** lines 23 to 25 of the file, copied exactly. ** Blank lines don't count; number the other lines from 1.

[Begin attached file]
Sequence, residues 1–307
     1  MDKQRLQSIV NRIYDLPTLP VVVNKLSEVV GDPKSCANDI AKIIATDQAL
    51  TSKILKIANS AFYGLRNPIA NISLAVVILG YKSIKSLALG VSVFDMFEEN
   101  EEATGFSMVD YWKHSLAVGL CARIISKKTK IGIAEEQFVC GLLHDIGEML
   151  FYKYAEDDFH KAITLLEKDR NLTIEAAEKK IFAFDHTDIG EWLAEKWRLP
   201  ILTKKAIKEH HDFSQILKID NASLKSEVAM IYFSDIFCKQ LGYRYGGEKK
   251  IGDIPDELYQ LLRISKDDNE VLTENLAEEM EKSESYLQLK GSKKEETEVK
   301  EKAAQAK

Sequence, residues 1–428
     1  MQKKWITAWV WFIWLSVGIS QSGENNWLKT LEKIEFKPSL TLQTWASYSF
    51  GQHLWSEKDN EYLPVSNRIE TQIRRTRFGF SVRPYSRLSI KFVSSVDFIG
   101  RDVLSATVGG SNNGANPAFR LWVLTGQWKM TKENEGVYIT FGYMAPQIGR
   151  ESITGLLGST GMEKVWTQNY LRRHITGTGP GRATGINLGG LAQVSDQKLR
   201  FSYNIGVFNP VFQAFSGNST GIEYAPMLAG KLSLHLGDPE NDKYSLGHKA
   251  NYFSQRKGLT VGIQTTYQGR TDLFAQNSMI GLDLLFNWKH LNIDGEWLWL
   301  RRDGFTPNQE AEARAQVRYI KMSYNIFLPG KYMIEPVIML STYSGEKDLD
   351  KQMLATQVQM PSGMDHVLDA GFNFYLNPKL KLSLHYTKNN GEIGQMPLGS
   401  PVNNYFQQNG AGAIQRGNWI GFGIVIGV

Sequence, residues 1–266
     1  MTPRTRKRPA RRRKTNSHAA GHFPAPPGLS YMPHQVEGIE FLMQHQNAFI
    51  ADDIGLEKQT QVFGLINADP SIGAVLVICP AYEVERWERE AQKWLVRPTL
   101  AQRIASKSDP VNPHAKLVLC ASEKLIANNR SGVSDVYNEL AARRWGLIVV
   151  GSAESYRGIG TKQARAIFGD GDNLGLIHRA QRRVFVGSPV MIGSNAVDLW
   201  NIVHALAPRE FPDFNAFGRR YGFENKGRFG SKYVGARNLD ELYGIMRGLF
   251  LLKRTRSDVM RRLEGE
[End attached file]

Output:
   151  GSAESYRGIG TKQARAIFGD GDNLGLIHRA QRRVFVGSPV MIGSNAVDLW
   201  NIVHALAPRE FPDFNAFGRR YGFENKGRFG SKYVGARNLD ELYGIMRGLF
   251  LLKRTRSDVM RRLEGE